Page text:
So I ran this code to generate the x and y values for an exponential curve I was estimating from a given data set:

qplot(x,y,data=dat) + stat_smooth(aes(outfit=fit1<<-..x..), 
      method = 'nls', method.args = list(start = c(a=1, b=0)), 
      formula = y~a*exp(b*x), se = FALSE)

qplot(x,y,data=dat) + stat_smooth(aes(outfit=fit2<<-..y..), 
      method = 'nls', method.args = list(start = c(a=1, b=0)), 
      formula = y~a*exp(b*x), se = FALSE)

That gave me the values of fit1 and fit2 or the list of values for the x and y axes of the curve. Now I want to use those two vectors of the x and y axes to estimate the values of A and B in the exponential equation used to predict them y=A*exp(B*x).

does this relatively easy with the following equations:


Is there a method or package that can replicate this in R? I've heard that easynls is one option but have had little success with it as it keeps returning an error stating:

My code: fit = dataframe(fit1,fit2)
nlsplot(fit, model=6, start=c(a=1, b=0))    

Error in nls(y ~ a * exp(b * x), start = list(a = s[1], b = s[2]), data = data, : number of iterations exceeded maximum of 6000

What I need is a way to read in the estimated values of x and y that I already have and then generate values for A and B given that the equation is an exponential format.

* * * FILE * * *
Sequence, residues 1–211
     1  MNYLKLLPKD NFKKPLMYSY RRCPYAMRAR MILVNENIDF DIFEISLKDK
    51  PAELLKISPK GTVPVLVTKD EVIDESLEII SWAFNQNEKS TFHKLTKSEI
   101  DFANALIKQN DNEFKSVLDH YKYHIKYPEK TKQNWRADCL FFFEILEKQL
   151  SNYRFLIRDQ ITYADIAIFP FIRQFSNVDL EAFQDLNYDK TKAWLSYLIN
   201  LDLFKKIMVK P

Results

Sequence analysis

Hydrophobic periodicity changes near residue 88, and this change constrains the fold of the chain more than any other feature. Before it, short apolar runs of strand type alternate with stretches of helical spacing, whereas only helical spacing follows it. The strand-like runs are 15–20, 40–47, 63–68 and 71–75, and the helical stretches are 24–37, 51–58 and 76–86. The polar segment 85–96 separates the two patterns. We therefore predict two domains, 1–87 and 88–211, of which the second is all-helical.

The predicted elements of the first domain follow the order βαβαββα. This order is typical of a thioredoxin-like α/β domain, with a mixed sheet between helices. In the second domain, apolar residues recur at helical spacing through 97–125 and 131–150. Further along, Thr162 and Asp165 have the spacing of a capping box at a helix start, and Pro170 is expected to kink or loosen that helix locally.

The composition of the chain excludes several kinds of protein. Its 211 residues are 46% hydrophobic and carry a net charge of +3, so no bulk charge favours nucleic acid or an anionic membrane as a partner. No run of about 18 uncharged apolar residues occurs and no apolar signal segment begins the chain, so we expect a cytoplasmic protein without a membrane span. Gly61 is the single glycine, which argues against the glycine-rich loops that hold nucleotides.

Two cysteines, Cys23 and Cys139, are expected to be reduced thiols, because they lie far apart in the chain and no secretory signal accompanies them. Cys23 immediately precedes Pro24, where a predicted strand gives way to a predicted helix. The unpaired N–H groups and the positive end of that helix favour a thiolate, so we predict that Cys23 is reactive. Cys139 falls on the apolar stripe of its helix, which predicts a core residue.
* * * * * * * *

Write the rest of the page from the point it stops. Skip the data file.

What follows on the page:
Example data:

fit1 = c(1, 2, 3, 4, 5, 6, 7, 8, 9, 10)
fit2 = c(.5, .45, .4, .35, .3, .25, .2, .15, .1, .05)

The purpose of this is to get the coefficients for the equation and then apply it as a function to other examples.

  • 2
    This is just linear regression. log(y) = log(A) + B*x. Use lm to get log(A) and B – G5W Dec 14 '18 at 19:06
  • 1
    To be precise, linear regression would estimate not exactly the same thing. The difference is in the errors: multiplicative (lm) vs additive (nls). – Julius Vainora Dec 14 '18 at 19:19

While agreeing with the comment of @JuliusVainora, the problem statement does not seem to have any restriction on the residuals. Here is a small example. Since you do not provide x,y data, I made some up.

## Example data
x = runif(25,0,2)
y = 3.2 * exp(1.5*x) + rnorm(25, 0.1)

## Estimate A & B
z = log(y)
Model = lm(z ~ x)
A = exp(Model$coefficients[1])
B = Model$coefficients[2]

## Visual check of answer
plot(x,y, pch=20)
X2 = seq(0,2,0.1)
Y2 = A*exp(B*X2)
lines(X2, Y2, col="red")

Exponential curve

  • 1
    The estimate for A and B was exactly what I was looking for. Thanks! – Kardinol Dec 14 '18 at 21:59

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